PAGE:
Catalogue translation is an extremely specialised field and is in great demand among companies operating in the international field.
Catalogues allow brands to achieve a range of objectives, such as advertising products in detail and presenting an overall brand image and set of corporate values.
They may seem somewhat perfunctory, but catalogues are powerful marketing tools that need to be translated with the utmost precision.
Translating catalogues does not (only) require technical skills
Product catalogues mainly comprise a series of technical specifications inherent to a particular product or product line.
Given the use of product specifications, translating catalogues does involve some technical work, and maximum attention must be paid to the accuracy of the terminology used to describe characteristics and features, taking care to choose terms that align perfectly with the original text.
In addition to technical aspects, some catalogues also contain introductions and descriptions that serve to introduce a product range. Product specs often contain both technical data and a short description which, depending on the type of catalogue, may need to be poetic, captivating or persuasive.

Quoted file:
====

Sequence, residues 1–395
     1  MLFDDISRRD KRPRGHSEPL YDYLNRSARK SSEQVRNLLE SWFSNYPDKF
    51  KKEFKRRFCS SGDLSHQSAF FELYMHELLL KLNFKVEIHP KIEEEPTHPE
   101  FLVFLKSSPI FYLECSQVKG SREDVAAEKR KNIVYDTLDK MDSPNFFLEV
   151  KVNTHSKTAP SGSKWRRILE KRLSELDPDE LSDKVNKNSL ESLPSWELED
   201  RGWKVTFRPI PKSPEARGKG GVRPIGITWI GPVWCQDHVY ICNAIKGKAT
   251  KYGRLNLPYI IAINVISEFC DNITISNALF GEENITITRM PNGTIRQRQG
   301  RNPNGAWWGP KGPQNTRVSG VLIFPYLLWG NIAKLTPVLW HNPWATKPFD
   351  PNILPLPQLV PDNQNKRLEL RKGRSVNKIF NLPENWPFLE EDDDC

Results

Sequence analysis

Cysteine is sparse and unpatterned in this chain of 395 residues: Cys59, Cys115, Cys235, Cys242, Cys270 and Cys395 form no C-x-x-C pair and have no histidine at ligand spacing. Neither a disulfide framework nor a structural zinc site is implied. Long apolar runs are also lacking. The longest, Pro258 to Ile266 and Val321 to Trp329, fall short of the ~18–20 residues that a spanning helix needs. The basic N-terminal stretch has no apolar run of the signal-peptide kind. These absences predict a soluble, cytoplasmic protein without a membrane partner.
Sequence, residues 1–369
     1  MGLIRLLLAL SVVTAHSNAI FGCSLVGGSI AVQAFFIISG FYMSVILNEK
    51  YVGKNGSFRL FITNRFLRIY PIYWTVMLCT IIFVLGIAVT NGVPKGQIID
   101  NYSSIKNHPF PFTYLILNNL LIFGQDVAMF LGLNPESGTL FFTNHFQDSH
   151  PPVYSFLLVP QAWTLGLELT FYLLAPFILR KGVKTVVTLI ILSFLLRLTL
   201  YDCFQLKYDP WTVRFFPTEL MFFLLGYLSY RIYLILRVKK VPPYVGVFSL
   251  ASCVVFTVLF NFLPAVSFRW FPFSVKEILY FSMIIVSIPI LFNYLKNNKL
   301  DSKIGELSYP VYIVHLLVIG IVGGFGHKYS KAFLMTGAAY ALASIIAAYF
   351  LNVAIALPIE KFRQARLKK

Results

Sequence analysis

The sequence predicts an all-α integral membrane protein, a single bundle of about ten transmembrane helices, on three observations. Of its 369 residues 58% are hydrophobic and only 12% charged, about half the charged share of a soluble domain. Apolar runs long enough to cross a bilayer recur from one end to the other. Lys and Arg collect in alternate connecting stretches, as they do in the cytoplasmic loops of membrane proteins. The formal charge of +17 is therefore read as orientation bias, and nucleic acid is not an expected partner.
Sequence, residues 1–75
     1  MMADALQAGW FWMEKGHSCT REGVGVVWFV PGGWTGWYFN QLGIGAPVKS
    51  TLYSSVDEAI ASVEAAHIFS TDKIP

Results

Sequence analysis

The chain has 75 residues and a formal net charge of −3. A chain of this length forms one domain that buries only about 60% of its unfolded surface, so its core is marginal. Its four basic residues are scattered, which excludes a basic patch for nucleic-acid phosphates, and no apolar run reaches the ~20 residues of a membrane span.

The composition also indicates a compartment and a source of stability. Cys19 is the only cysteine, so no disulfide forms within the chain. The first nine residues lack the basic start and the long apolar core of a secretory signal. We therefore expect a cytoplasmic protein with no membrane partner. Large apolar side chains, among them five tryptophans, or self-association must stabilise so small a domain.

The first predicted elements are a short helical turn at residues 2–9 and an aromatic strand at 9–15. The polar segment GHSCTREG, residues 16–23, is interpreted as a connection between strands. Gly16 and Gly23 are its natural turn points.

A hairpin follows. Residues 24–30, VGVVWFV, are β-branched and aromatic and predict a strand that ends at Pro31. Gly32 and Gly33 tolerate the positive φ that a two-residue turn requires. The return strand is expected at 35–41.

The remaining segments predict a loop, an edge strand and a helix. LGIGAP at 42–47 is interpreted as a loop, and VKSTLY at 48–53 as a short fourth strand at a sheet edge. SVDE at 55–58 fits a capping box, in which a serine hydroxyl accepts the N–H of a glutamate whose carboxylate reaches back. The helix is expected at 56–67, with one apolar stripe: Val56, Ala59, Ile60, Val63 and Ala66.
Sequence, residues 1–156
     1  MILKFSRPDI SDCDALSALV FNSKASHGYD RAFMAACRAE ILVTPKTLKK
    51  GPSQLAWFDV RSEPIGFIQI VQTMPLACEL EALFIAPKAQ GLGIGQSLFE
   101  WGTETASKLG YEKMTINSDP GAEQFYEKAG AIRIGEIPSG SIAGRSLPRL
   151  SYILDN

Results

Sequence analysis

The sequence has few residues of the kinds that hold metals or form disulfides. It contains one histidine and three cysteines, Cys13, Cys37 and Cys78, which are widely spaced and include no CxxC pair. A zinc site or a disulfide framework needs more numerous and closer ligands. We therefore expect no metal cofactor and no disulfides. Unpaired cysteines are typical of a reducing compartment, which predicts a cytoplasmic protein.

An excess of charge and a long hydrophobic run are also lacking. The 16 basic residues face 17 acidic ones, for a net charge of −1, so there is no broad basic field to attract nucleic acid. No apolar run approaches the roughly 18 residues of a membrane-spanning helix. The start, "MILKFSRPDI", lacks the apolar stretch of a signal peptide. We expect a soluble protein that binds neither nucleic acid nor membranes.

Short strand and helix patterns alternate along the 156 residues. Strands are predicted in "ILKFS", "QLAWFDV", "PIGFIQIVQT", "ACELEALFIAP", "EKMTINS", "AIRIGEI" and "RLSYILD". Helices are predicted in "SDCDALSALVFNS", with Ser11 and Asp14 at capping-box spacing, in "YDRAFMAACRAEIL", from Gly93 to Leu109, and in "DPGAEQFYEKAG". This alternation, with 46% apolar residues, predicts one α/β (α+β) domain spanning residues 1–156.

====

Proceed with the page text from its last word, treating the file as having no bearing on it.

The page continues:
To complicate matters further, it’s important to bear in mind that catalogues vary enormously from sector to sector and in most cases, they are intended for an expert audience. Manufacturing companies often use sector-specific language that is rich in nuance, something a translator must be able to master perfectly.
Using specific language and jargon can bridge the emotional gap between companies and their potential customers, which is often a decisive element when it comes to making a purchase.
(The art of) translating art catalogues
Art catalogue translations are often very demanding and are generally assigned to specialised translators.
This decision is mainly due to the fact that the art sector uses rich and complex sector-related language. Furthermore, the quality of the catalogue greatly affects the perceived quality of the products illustrated inside.
Descriptions of artworks featured in an art catalogue must convey both their meaning and the artist’s intentions, in order to involve the reader as much as possible.
Paying maximum attention to descriptive and discursive sections is incredibly important when translating art catalogues and care must be taken to convey the same “atmosphere” evoked in the original text.
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